Every once in a while I get introduced to something that completely and utterly confuses me as to what the fuck I am actually watching. Like Deal or No Deal style game shows where the contestant wins money without any sort of skill. If it were up to me, to get that £250’000 the contestant would need to have suffered some sort of emotional and psychological trauma that the money would be needed for therapy afterwards.
...and for the cuddly toy, you have to fight a REAL LIVE PANDA!
Anyway, Kill List is one of those things, but that actually works in its favour. I think…
The film follows Jay, an ex-soldier turned hit man with a middle class family life that is slowly unravelling due to him being out of work for the last 8 months. His previous assignment had gone horribly wrong and it’s still dogging him. However, home pressures and a visit from his friend and partner, Gal, lead him to take on another job - an easy job with plenty of money. Of course, nothing is quite as it seems.
So far, sounds like your fairly average film. After hearing a bit about the hype and not reading too much, I was very unsure of what to actually expect, but figured it was going to be one of those usual British crime films about angry men who go around killing people and being all cheeky-like á la Guy Ritchie. In most instances I’d be right, but I was actually wrong on this one, and when I say wrong, I mean REALLY wrong. I mean wrong in the sense of someone eating dog shit and thinking “now why did I think that would taste like chocolate?” Just because it’s the same colour as chocolate doesn’t mean it actually is.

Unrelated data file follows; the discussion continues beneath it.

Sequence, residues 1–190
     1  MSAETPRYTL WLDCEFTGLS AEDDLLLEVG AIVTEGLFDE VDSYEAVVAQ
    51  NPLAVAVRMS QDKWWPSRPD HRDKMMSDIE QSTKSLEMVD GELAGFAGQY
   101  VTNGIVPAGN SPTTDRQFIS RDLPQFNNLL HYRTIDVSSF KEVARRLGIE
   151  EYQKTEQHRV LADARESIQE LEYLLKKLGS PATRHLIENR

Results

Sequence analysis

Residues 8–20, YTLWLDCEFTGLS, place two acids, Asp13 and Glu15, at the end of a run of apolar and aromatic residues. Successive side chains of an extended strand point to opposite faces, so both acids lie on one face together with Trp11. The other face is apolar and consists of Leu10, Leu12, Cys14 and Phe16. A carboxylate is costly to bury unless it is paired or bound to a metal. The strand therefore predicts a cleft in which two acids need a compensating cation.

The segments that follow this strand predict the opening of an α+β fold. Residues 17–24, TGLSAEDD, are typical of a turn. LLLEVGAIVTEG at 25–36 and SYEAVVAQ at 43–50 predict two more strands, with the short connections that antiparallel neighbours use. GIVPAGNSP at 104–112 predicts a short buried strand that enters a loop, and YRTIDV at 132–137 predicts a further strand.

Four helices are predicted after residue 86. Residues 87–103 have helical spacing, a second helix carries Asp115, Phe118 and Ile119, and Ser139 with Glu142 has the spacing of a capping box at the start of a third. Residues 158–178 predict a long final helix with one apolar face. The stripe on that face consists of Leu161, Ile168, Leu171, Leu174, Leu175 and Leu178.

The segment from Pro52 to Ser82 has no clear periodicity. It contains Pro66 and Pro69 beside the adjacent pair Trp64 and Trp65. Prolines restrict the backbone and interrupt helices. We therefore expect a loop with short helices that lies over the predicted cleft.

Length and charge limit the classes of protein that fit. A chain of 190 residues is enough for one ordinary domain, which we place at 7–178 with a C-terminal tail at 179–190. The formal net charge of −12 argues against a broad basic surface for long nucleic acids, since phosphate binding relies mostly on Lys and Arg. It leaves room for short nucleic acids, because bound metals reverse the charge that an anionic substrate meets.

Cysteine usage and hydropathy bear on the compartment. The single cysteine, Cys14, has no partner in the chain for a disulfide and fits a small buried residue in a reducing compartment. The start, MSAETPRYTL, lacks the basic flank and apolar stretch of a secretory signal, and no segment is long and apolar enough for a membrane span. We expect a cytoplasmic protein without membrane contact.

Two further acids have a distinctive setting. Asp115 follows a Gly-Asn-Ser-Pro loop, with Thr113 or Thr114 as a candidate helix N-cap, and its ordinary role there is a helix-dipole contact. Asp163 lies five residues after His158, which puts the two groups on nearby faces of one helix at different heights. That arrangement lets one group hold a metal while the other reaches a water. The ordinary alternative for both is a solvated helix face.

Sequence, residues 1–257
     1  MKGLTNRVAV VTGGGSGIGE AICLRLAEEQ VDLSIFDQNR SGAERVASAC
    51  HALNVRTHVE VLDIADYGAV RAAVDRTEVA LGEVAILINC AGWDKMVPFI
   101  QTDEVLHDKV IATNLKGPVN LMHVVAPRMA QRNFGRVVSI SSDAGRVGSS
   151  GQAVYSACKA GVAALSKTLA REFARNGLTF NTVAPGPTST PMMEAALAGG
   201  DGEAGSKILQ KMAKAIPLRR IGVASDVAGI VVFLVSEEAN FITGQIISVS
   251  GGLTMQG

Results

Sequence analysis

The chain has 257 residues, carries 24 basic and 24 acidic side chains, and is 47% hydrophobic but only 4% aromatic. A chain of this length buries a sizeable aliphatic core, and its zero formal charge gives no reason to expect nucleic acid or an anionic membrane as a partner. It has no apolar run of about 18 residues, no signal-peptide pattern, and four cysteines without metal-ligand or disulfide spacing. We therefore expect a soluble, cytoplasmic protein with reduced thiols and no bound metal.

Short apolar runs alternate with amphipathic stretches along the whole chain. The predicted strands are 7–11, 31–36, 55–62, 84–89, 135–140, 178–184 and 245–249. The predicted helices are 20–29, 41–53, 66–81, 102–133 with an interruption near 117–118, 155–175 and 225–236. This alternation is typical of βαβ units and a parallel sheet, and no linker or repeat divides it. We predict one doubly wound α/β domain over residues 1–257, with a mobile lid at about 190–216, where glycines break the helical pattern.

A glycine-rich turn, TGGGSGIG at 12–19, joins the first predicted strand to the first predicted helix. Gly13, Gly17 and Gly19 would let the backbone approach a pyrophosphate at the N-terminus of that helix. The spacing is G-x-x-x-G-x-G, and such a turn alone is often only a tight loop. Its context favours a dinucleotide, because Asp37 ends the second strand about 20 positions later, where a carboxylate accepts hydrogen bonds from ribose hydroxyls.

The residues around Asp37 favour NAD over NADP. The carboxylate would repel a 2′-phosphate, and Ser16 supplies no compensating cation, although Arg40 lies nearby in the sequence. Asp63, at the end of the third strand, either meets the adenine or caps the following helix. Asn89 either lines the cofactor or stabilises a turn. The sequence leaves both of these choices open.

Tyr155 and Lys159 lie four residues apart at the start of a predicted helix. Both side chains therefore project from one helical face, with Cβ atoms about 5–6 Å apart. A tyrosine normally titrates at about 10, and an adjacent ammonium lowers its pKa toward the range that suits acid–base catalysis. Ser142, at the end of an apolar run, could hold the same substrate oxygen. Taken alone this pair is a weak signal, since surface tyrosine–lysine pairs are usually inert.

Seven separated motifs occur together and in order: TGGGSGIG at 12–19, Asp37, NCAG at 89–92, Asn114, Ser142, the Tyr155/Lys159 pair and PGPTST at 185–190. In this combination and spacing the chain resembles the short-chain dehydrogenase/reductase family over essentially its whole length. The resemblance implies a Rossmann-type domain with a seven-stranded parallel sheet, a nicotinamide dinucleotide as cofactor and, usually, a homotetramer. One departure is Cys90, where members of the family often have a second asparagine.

Chocolate, or shit? What do you think?
OK, so maybe there was SOME chocolate mixed in with the shit, because some of the dialogue actually was a bit cheeky-chappy ‘ave a laugh like (my favourite line being “we’re going to do this properly, not just mow him down like some Hackney crackhead”), but the interaction between the characters feels a boatload more natural than that of the typical British crime film. With an absolutely fantastic script, and additional dialogue contributed by the actors themselves, conversation flows a lot more naturally and it feels more real.
But the greatness in the script comes not just from the dialogue, but the structure as well. It takes the standard 3 act story structure and still adheres to it, but as well as your standard turning points in the story it also shifts genres. Which serves to disorientate you and build up your expectations so the final act completely throws you off balance before the closing moments of the film that really deliver that finishing blow.
Yeah...pretty much that really.
Which leads me to my final point and a possible reasoning as to why I’m really unsure about what I think of this film. It does have quite a few flaws, but it’s an absolutely wonderful piece of filmmaking, with dread, menace and tension submersed under the skin of every character and permeates out through their interactions as well as the films construct. It has a great script that offers a very daring and different kind of film and deserves the praise it gets. But above all else, it’s an examination of our relation to violence. There are some scenes that are quite brutal, and they only get more brutal as the film progresses. But they payoff they lead to is more of a punishment for our want (and by the end of the film, Jay’s want) of this cathartic release. It’s somewhat unsatisfying, but it is clearly the film that Ben Wheatley, the director, wanted to make. It’s almost like he wanted the ending to completely throw you out of the door like a violent drunk at a bar. You want to start trouble? Well you can fuck off out of here then.
And after that, you just stumble home, confused and unsure of what the hell is going on.
I'm pretty sure he just drunkenly stumbled into the Whitehouse after hitting the real George Bush with his car...